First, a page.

Narrative is an essential component of effective communications. It can create excitement from the mundane, clarity from complexity, and will engage your audience to a greater extent. But why is this the case? Not only does it present information in a more logical, streamlined format, but over thousands of years of communicating with the people around us through stories, our brains have become hardwired to engage with this structure. At Maxwell Rogers, we use narrative techniques developed by communication experts to help our clients’ messages resonate, and we decided to share this insight so you too can take your business communications to the next level.
How do we create a narrative?
There are a number of different structures you can follow, but at Maxwell Rogers, we like to use the SCR Framework. Developed in the 1970’s by McKinsey & Company, it splits a narrative into three key components – situation, complication, and resolution. The situation allows you to set the scene, outlining context that is relevant to your story. The complication is when you introduce a problem to be solved, or something that gets in the way of a goal. Then the resolution is the answer – what changes to solve the issue and create benefits – the happy ending, or exciting future.
Let’s apply it to business communications
It can be hard to get your head around applying this structure to a business environment, but with practise it becomes second nature.
For the S – situation – you must set the scene. What is front of mind for your audience? Place yourself in their world. Tap into the challenges they’re currently experiencing to show them that you understand and know what you’re talking about.
Then comes the C – complication. This is the reason the situation requires action. Perhaps something is creating an issue for their business?
Finally the R – resolution – is what they need to do to solve this issue or prevent it from happening. This is usually where you come in – introducing your idea, product, or solution as a way to solve a problem, with a list of key benefits. By guiding the audience in this way, what you can offer and how you can help is much clearer and more likely to resonate.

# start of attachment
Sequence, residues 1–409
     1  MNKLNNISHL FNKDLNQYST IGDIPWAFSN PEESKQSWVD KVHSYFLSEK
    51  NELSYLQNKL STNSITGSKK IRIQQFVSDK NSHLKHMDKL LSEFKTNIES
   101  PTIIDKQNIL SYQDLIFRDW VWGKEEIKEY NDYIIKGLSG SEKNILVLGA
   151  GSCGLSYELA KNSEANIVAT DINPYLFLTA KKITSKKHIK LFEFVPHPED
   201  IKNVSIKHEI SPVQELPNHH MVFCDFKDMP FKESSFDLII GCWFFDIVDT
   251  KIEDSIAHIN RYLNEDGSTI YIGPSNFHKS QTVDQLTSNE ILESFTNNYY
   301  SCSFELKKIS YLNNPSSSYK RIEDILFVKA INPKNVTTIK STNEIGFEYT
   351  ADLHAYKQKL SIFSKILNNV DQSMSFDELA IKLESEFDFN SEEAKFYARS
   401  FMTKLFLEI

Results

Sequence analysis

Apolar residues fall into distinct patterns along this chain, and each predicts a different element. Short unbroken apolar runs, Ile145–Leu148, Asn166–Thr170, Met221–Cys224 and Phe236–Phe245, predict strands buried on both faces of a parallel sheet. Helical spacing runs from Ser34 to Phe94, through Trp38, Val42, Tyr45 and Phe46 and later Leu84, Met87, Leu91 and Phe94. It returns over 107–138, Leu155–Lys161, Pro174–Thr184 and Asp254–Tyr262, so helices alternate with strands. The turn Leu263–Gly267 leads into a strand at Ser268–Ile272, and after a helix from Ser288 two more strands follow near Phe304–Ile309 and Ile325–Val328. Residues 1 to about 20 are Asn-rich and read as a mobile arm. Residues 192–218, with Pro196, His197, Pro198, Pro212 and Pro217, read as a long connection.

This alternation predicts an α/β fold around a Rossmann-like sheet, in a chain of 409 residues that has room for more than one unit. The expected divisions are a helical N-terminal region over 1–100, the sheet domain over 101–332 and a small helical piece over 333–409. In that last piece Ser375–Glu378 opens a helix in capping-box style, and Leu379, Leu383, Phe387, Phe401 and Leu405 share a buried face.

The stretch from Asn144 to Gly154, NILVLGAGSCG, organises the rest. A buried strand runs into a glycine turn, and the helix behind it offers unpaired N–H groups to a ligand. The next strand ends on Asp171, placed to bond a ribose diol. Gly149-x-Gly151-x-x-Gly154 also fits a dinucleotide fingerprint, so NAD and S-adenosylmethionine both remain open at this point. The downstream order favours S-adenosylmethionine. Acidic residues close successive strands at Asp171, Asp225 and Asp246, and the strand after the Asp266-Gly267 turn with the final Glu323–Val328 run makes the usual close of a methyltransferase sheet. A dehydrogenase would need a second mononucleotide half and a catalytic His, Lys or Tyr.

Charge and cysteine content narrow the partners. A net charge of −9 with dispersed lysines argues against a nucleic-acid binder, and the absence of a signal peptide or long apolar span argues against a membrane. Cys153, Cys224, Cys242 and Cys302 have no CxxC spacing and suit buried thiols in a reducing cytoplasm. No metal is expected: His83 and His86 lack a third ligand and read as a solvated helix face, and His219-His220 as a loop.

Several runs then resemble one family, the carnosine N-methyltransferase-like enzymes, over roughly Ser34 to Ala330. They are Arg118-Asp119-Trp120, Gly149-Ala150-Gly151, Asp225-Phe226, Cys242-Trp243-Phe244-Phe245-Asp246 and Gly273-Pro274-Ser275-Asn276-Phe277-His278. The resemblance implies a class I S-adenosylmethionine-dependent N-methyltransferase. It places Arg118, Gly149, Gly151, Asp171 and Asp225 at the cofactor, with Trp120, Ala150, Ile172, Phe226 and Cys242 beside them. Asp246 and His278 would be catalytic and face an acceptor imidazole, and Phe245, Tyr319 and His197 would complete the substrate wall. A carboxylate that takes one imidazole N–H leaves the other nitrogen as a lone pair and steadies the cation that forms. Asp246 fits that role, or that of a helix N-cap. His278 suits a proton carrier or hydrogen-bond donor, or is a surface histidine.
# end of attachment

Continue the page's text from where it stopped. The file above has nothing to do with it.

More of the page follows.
What are the key benefits?
From the outset, the SCR narrative grabs attention. This is primarily because it is structured to be audience-first. You don’t start by explaining that your product is fantastic because of X Y Z. Instead, you focus on the audience’s world and their challenges.
You may have noticed that films and books often follow this structure too. This is because it is an effective way of generating emotion through anticipation. In the complication part of the narrative, something gets in the way, or threatens to. And we want to know the answer, or how to overcome it. The uncertainty is why we feel tension. So your audience will engage with your complication, in the hope of finding an answer to the problem.
Simple, memorable flow
Narratives give information a logical order, leading from one thing to the next in small steps. This makes it much easier to understand, and is especially useful when you are communicating complex subject matter. By encouraging us to group related information together in the S, the C, then the R, it also harnesses the power of a phenomenon called ‘chunking’ (Miller, 1956). This is where small bits of information are combined into something bigger and more meaningful, which makes it easier to remember than if it was presented in a random order. Both the logical structure and chunking help you create more impact by increasing the likelihood your audience will understand, process, and remember what you say.
Overall, narrative is a pretty key element of successful communication, and it’s worth applying it to the messages you want to convey. If you have some messages coming up that you need to nail, get in touch. Our studio can transform your content into an effective, succinct narrative that will resonate with all the right people.